School of Psychology News & events

Research Summary

Xenias, D, Babatunde, A (2013) All for Water. Welsh Crucible. £3,978.

Summary

Our aim is to conduct preliminary examinations on how best to configure a novel waste-water treatment system for applications in handling various wastewater types and for water harvesting. Freshwater is a limited resource (less than 2.5% of all water). With increasing population pressures and more stringent water regulations, effective and efficient sewage treatment is a priority with respect to not only removing waste and recycling freshwater but also for reclaiming any useful nutrients (e.g., phosphorus, a declining resource, heavily required for agriculture). Our ultimate vision is to design a sewage treatment system which is affordable for use by various consumers (e.g., households, hotels, water treatment plants).

Conducting experimental trials to optimize such facilities is expensive and time consuming. As an alternative, we will use computer models (mathematical simulations) to better understand the function of bacteria involved in removal of nutrients and treatment of waste-water in the system. In order to calibrate the real system against model predictions, frequent data collection at various points on the system is required. A cost-effective route for this data acquisition is through deployment of biosensors. Here, we will develop a preliminary design for biosensors to attain the required data types. We will ensure that all our developments are in keeping with UK and EU regulations.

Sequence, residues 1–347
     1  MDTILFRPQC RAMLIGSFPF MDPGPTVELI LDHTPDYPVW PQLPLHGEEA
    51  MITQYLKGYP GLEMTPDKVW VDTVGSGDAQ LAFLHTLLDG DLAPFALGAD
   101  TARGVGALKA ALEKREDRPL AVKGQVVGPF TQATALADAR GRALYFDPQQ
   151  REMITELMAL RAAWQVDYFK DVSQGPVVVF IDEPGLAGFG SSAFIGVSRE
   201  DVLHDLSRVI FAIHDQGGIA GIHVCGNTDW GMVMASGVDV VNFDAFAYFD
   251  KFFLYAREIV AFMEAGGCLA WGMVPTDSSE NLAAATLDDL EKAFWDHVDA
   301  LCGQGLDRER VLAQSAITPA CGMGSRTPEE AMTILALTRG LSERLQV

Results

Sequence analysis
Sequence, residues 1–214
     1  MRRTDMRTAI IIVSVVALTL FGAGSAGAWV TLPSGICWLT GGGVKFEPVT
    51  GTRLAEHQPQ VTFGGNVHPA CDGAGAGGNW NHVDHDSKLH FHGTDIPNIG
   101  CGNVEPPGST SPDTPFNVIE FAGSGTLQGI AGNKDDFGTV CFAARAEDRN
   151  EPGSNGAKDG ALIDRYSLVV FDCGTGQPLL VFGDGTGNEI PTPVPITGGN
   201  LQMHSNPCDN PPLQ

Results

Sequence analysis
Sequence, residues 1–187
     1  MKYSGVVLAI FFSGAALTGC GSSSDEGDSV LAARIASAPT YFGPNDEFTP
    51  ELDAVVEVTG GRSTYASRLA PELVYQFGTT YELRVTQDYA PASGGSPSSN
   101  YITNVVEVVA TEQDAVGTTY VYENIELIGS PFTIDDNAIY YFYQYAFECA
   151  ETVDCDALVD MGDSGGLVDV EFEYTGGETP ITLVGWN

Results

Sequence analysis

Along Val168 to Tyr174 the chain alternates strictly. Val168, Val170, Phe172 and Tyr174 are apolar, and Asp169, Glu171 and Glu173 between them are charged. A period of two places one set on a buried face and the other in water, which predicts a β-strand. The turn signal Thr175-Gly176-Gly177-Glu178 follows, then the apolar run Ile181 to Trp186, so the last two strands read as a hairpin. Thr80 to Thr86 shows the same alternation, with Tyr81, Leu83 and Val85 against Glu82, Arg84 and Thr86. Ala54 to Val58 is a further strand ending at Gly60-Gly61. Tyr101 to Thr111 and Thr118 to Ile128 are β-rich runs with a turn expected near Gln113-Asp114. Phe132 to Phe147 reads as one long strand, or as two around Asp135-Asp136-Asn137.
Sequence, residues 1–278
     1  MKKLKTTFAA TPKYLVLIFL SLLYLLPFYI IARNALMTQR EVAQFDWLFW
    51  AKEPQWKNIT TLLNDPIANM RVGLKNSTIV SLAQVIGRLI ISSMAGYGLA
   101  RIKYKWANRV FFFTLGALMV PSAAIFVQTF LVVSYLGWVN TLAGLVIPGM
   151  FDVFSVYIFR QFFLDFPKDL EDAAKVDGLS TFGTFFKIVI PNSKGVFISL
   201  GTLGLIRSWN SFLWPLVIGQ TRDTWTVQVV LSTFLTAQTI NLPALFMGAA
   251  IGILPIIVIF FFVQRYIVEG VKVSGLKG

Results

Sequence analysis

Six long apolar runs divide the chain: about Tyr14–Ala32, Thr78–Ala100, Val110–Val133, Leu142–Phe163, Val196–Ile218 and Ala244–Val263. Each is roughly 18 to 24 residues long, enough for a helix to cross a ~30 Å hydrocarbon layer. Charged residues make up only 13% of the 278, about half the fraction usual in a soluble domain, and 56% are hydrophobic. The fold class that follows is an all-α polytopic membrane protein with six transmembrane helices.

Public perceptions towards such systems are also critical for their adoption. We will conduct surveys and expert interviews to gauge public, community and industry interest. Using results from this project, we will endeavour to secure follow-on funding for the development and roll out of our system.

This project combines expertise from civil and environmental engineering (treatment system design and construction), mathematics and biology (bacterial process modelling), electronic engineering (biosensor design), law (legal framework behind water monitoring and control) and psychology (public attitudes towards water use and conservation).